Deadpool Poster Mocks Latter-day Saints Petition Claims

Deadpool Poster Mocks Latter-day Saints Petition Claims December 12, 2018

The Deadpool franchise is rereleasing their most recent film in a PG-13 version dubbed “Once Upon a Deadpool.”

In the film, Deadpool captures Fred Savage (who starred as the little boy in “Princess Bride”) and tells him a storybook version of the film editing out the portions that made the film rated R.

The film seems like it might be a hit with Latter-day Saint audiences who love “Princess Bride” and PG-13 edits of R-rated movies.

But on that front, the film may have made a misstep with its advertising campaign. The poster for the film bears a strong resemblance to a painting commissioned by the Church of Jesus Christ:

The painting by Harry Anderson is a common one found in the chapels and homes of members of the Church (it hangs in my local chapel.)

Cassidy Carter found replacing Jesus with the profane superhero to be in bad taste and has appealed to the director, Tim Miller, to replace the advertising. The petition now has more than 30,000 signatures.

If you’d like to sign, I included the link above. One of the most common criticisms is that being offended is a choice we make, with many people quoting a 2006 talk by apostle David A. Bednar making that point.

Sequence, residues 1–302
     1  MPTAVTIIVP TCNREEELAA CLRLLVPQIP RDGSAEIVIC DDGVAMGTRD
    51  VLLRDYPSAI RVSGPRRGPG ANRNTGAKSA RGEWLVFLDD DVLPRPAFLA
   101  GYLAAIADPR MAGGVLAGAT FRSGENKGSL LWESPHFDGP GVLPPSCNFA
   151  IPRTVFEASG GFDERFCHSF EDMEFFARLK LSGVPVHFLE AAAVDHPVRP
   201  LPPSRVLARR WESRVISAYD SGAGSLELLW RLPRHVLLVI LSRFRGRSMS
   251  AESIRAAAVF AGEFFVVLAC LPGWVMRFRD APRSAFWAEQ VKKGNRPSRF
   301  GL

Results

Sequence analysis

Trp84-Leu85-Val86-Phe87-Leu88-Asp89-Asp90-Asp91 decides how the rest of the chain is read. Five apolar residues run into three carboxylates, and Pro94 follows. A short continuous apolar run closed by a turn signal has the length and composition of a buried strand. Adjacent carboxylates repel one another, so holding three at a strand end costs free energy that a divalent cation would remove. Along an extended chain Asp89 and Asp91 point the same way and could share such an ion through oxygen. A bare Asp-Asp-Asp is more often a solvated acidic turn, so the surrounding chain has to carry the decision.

My take on the petition?

I largely agree with the critics on this one. One of the main purposes of this blog is pointing out discrimination against Latter-day Saints, and even I struggle to get too upset over this one.

I mean the movie is a re-release of the film, so the advertising crew got the cute idea to compare it to another more famous second coming. They probably googled “Second Coming Painting” and guess what comes up first?

I honestly doubt there was any more purposeful animus against Latter-day Saints than that. And honestly, with the purposefully offensive character at the center of the film, I can’t imagine much press they’d like more than “The Mormons Think We’re Being Offensive.” This petition plays right into the brand Deadpool tries to cultivate.

I understand how instinctively upsetting it is to see the Savior removed from a painting, and our desire to stand up for Him. I just don’t think it’s a useful fight.

Now let’s be honest, there is a tremendous opening for mocking Latter-day Saints in our culture that doesn’t extend to many other groups. But this is simply not an example of it. Movie posters are in the business of drawing attention and they have a long history of boring religious iconography to do it. Images specific to our faith are not normally used simply because it wouldn’t resonate with many people. But until we’ve been put through what the horror film industry has put the Catholic church through, I think we can safely just roll our eyes and move on.

That’s my take. Let me know what you think.

 

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What Are Your Thoughts?leave a comment
  • The Last Danite

    This is neither some “epic dunk on the LD$ inc!” or “horrific blasphemy that must be resisted!”. It is a cringe inducing ad campaign that should just be ignored.